Sunday, November 11, 2007

Fade to Blue- Bulgari Blu Absolute


The connection between expensive jewelry and perfume isn't exclusive to Bulgari. Cartier, Tiffany and the magnificent JAR are all doing it successfully. While Bulgari perfumes probably sell more than all the others (combined?), they usually bore me to tears (with the notable exception of Bulgari Black, but even that isn't something I ever felt I had to own: When it comes to rubber and vanilla, Dzing! by L'Artisan is much more interesting and satisfying for me); I also suspect that there's something in most of them that completely evades my nose. I can't even smell the Omnia series. It's just not there. Add Kate Moss, who is the current face of their Pour Femme, and no wonder I never considered owning a bottle of any Bulgari perfume.

Would the limited edition of Bulgari Blu Absolute change this?

The answer is no.

Blu Absolute (2002) is supposed to be a deeper, more concentrated version of the original Blu, and it has the same official notes of spicy citrus, ginger, mimosa, wisteria, musk, vanilla and sandalwood. The opening is sharp and peppery, the ginger is more loud than exotic or warm and the whole thing smells chemical and synthetic. The under-the-sink aroma mellows down within 15-20 minutes, into a sweet, musky floral. It's a relief from the opening, but that's all I can say for it.

As the fragrance dries down the infamous musk more or less over and I can barely smell the remains of the fragrance. Yes, there's some vanilla there, but sandalwood? who knows. It's been swallowed by the invisible musk.

My personal feeling is that the people of Bulgari are aiming low, as in Light Blue low. There's nothing that feels expensive, luxurious or special about it, which is really a shame. Their name deserves far better than this perfume, which is (not surprisingly) available for 50% or less of its original price tag from most online discounters.

6 comments:

  1. I haven't tried the absolute yet, but I do love the original. I've been thinking of buying it for a long time now. I do appreciate Bulgari 'fumes actually. The opening of Blu is strange and slightly off putting, but as you describe with the absolute, it soon mellows down and becomes (on my skin at least) this most beautiful, powdery, quasi-innocent scent that I find myself wanting to sniff and sniff constantly. As you might imagine from this, I am left with my wrist stuck to my nose until it fades!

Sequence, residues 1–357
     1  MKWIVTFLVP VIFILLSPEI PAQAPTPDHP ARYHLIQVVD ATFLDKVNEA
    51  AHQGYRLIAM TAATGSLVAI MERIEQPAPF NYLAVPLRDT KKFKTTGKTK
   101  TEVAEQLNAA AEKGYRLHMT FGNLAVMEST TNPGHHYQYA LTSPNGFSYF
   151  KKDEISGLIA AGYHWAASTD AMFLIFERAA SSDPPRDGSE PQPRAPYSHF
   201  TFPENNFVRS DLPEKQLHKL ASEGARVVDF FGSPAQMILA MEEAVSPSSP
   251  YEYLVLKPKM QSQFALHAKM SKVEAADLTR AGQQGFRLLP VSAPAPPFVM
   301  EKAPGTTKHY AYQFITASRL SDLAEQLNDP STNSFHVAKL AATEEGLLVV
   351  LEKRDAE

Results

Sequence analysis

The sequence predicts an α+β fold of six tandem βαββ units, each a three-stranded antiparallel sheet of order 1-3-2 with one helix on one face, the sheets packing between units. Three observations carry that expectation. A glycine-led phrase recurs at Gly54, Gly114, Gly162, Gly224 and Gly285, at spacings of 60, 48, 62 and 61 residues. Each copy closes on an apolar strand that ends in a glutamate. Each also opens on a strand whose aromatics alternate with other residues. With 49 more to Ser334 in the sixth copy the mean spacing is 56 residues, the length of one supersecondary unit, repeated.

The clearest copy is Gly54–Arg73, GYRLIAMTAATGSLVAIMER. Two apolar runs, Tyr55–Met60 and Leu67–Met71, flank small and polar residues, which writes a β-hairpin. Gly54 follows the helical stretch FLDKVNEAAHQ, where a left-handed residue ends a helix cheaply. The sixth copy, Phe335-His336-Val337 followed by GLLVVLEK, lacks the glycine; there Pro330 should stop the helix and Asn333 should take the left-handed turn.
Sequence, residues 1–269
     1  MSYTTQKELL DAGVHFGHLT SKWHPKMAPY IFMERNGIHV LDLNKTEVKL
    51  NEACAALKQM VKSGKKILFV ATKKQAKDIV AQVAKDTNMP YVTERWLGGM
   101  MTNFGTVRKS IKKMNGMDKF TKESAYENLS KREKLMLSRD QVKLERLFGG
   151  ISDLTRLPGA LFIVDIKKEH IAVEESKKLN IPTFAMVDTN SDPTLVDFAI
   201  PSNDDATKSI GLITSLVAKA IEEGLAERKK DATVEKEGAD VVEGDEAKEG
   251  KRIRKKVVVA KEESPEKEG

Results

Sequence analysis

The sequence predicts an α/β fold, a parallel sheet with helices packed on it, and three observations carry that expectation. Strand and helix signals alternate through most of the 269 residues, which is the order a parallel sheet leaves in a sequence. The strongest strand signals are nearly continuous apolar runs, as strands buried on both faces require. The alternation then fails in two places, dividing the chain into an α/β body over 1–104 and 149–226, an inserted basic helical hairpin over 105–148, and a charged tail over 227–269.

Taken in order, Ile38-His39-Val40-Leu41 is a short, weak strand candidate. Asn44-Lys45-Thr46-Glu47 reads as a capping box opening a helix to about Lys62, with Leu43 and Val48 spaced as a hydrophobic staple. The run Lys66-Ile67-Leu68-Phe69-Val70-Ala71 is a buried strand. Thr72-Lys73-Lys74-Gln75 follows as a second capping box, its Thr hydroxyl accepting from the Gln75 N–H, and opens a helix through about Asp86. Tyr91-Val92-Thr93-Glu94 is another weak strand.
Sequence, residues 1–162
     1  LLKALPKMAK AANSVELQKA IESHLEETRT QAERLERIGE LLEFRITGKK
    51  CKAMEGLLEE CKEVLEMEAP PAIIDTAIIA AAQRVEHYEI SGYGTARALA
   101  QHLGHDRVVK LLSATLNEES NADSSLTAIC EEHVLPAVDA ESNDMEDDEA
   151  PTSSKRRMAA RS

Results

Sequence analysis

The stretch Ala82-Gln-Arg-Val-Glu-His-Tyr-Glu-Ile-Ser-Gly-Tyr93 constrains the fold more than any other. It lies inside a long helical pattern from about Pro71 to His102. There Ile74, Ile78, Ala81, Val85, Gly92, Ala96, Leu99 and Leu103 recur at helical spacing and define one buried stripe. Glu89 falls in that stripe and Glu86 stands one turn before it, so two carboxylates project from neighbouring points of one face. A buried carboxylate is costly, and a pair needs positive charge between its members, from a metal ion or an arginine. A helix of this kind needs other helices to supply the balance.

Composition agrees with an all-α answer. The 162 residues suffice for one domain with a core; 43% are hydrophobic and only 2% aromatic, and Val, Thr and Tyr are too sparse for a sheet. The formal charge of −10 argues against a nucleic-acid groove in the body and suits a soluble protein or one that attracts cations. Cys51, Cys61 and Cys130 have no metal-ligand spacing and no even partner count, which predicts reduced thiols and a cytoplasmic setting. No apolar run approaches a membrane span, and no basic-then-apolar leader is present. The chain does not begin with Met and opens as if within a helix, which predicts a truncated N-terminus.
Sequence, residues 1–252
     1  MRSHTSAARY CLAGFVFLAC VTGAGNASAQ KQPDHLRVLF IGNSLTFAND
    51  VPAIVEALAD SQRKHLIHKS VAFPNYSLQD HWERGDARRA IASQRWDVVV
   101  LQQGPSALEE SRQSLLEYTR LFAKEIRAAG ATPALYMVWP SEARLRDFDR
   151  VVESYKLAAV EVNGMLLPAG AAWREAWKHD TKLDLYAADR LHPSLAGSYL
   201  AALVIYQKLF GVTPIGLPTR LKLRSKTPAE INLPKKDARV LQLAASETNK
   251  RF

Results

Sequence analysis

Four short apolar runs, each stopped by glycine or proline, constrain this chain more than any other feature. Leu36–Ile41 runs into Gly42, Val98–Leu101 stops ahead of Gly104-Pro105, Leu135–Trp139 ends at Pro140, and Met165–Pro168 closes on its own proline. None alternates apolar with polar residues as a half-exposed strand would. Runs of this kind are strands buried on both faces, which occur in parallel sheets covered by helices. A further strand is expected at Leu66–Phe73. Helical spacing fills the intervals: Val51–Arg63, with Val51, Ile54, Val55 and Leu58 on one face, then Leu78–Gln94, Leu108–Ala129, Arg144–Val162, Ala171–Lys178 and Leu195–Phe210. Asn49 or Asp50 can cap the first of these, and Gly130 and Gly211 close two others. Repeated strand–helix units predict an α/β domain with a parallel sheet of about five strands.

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  2. I kinda like the original Blu (which is powdery), not impressed with the Absolute, but really love the Blu Notte. Have you tried that one? It's iris powder and a slight hint of cocoa. Not sweet, dry.

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  3. Someone gave me a bottle of Blv, and while it's pleasant, it's never the first thing I reach for...

    I really should just send it to Divina...

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  4. Divina- I'm jealous. I could definitely use some beautiful, powdery scent, and I know Blv lovers enjoy it so much. It's just my Bvlgari-anosmic nose and weird skin that wouldn't let me enjoy this one.

    Helg- The notes for Notte definitely sound wonderful. I think it isn't supposed to have ginger, which might be the most off-putting part for me in BA. I'll have to dig among my sample stash. I probably have Notte somewhere there.

    Tom- Sounds like a good idea :)

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  5. The blue in your picture, on the other hand, is great. And it makes you wonder: What would be a blue note in a fragrance? Funny enough: It is none of the notes you listed. I think blue is a difficult color when it comes to perfumes, except when heading for watery light stuff.

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  6. Gaia,

    trust me I do not like prominent ginger either and Notte doesn't have any ;-)

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